While the development of so-called green technology has attracted more than its fair share of controversy over the years, the pipedream is now headed well and truly for the mass market.
We now live in an age where climate change, recycling and renewable forms of energy are taking center stage. Some would argue it has taken far too long to reach this stage but let’s not forget the development of this technology has taken many years and required billions of pounds of investment. So, what are the major developments in the world of green technology and what does the future hold?
The electric car industry perhaps reflects the advances in green technologies more than any other. Back in the 1990’s General Motors produced the EV1 which was the first real electric vehicle of the era. It seemed to be successful, seemed to have a good future but overnight General Motors changed its mind, recalled all the vehicles and destroyed them. This led to suggestions that the company had been “leaned upon” by the oil industry and forced to effectively kill the electric vehicle market overnight. However, the public perception of electric vehicles had changed and the genie was now out of the bottle.
Elon Musk and his team at Tesla Motors have taken the world by storm creating a multibillion-dollar company which currently stands on the brink of the mass-market with the Tesla Model 3. In some ways this has forced the likes of General Motors and other leading car manufacturers to follow suit and confirm their electric vehicle credentials going forward. This technology more than any other perfectly illustrates the pipedream to mass-market – and the challenges faced along the way.
The technology associated with solar power has come on in leaps and bounds in recent years. Many people are comparing the improvements in technology to that of the microchip which doubled in capacity every few years and halved in cost. Interestingly, billionaire Elon Musk is also heavily involved in solar power via his Solar City operation.
There are several developments that have pushed solar power to the fore such as a general acceptance by the public of roof panels, the significant reduction in home energy costs and the ability to sell excess power back to the National Grid. When you also consider the significant government tax rebates available to those installing solar power in their homes and businesses, in simple terms, money talks. There’s also been significant government pressure on local authorities to increase their renewable energy ratios compared to traditional energy sources. Experts are forecasting further improvements in solar power technology which will only strengthen the case going forward.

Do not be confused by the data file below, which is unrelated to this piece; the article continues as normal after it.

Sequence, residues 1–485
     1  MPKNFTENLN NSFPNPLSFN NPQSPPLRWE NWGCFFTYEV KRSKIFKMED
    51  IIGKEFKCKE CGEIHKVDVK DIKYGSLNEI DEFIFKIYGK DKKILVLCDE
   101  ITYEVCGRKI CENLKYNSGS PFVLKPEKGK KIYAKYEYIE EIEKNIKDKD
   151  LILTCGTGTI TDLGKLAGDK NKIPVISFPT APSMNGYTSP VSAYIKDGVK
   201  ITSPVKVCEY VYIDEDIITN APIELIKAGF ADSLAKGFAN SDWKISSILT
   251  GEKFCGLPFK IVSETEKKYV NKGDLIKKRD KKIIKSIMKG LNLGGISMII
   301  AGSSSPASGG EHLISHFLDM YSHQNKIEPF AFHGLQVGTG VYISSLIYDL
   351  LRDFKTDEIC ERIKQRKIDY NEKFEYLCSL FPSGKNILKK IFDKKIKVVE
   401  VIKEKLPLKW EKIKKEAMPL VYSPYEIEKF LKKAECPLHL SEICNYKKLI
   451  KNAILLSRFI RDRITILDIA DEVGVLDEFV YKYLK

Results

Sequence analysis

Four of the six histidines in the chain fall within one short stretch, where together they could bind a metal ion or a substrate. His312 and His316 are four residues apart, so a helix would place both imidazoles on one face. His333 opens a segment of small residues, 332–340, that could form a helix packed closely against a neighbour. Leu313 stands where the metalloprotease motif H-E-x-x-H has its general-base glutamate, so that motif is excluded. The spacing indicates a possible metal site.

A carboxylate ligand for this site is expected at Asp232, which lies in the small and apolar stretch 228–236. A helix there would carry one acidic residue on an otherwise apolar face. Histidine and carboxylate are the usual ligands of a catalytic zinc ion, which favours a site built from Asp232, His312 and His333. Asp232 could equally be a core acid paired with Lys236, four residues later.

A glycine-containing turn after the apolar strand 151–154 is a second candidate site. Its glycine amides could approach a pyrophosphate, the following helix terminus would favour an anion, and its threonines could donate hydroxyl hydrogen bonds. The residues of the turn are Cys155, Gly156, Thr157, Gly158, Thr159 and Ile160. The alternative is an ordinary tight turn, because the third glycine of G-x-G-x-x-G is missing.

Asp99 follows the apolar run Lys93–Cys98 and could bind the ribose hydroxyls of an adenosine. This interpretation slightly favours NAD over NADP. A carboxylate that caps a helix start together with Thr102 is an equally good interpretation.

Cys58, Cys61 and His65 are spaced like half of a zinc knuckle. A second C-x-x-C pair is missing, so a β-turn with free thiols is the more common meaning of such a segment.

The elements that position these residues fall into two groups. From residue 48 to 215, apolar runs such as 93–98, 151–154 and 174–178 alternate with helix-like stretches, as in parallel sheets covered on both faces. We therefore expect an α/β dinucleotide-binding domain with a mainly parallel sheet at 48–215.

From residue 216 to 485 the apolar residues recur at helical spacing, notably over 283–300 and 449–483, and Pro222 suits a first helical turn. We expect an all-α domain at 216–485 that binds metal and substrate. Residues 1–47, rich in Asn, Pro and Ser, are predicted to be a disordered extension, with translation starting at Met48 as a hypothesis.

It is fair to say that wind power has been one of the more controversial renewable energy sources in recent years. The position and the size of some wind turbines has caused concern amongst many local communities as well as the subsidies required to fund the sector. The situation is changing with wind power production costs slashed in recent years, leading to reduced subsidies, and hopefully a slowdown in the number of new wind turbine approvals.
Wind power, like solar power, is something which is all around us and because of this the public and the business community can relate more to this form of energy production. It is also worth noting that the wind power industry has grown significantly in recent years, creating many jobs, and while still requiring government subsidies to survive, the level of government funding is falling. As the specific cost of offshore wind farms continues to fall we may well see more focus on this area which will help alleviate public concerns about the location of onshore wind farms.
If there is one area of green technology/renewable energy which has perhaps disappointed it would be the wave energy sector. The significant power of the oceans has yet to be harnessed in a cost-effective manner and while, in tandem with offshore wind farms, the cost and efficiency of wave energy has improved of late, there is still much work to be done. There are some parts of the UK where the choppy waters of the sea create enough power to make a viable business but maybe further government funding is required?
The likes of electric cars, solar power, wind turbines and to a lesser extent wave energy have made great strides in recent times. There is still much work to be done, especially around wave energy, but in many ways green technology and renewable energy forms are now more accepted by the public than ever before. The fact that subsidies are falling, having a reduced impact upon household energy bills, is always a positive because money talks.
There are other areas of green technology which are perhaps not as well covered by the mass media including biomass, green computing, hydroelectricity, hydrogen fuel cells and photovoltaic to name but a few. It is fair to say that if we were to harness all renewable energy sources available to us today, although not all are commercially viable, carbon emissions would fall dramatically and this would positively impact climate change. However, that is another controversial subject for another day!